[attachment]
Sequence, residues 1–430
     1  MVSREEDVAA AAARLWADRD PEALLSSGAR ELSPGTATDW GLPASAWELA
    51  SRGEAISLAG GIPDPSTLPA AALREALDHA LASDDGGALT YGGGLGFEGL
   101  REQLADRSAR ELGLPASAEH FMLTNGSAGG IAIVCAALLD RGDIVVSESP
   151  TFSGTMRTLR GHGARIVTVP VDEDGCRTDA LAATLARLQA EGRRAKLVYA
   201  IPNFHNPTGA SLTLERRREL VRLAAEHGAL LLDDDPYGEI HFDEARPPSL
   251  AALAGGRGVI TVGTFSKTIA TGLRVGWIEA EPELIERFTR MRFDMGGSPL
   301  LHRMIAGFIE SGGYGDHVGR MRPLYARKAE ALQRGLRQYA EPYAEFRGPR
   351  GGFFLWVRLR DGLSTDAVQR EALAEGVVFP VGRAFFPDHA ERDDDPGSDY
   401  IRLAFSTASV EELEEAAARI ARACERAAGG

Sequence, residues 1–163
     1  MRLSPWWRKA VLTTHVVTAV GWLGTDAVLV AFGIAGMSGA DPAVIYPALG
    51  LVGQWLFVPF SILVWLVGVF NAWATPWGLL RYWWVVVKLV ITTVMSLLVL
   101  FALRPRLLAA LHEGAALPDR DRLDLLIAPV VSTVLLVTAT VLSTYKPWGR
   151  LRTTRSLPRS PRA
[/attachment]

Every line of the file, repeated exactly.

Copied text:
Sequence, residues 1–430
     1  MVSREEDVAA AAARLWADRD PEALLSSGAR ELSPGTATDW GLPASAWELA
    51  SRGEAISLAG GIPDPSTLPA AALREALDHA LASDDGGALT YGGGLGFEGL
   101  REQLADRSAR ELGLPASAEH FMLTNGSAGG IAIVCAALLD RGDIVVSESP
   151  TFSGTMRTLR GHGARIVTVP VDEDGCRTDA LAATLARLQA EGRRAKLVYA
   201  IPNFHNPTGA SLTLERRREL VRLAAEHGAL LLDDDPYGEI HFDEARPPSL
   251  AALAGGRGVI TVGTFSKTIA TGLRVGWIEA EPELIERFTR MRFDMGGSPL
   301  LHRMIAGFIE SGGYGDHVGR MRPLYARKAE ALQRGLRQYA EPYAEFRGPR
   351  GGFFLWVRLR DGLSTDAVQR EALAEGVVFP VGRAFFPDHA ERDDDPGSDY
   401  IRLAFSTASV EELEEAAARI ARACERAAGG

Sequence, residues 1–163
     1  MRLSPWWRKA VLTTHVVTAV GWLGTDAVLV AFGIAGMSGA DPAVIYPALG
    51  LVGQWLFVPF SILVWLVGVF NAWATPWGLL RYWWVVVKLV ITTVMSLLVL
   101  FALRPRLLAA LHEGAALPDR DRLDLLIAPV VSTVLLVTAT VLSTYKPWGR
   151  LRTTRSLPRS PRA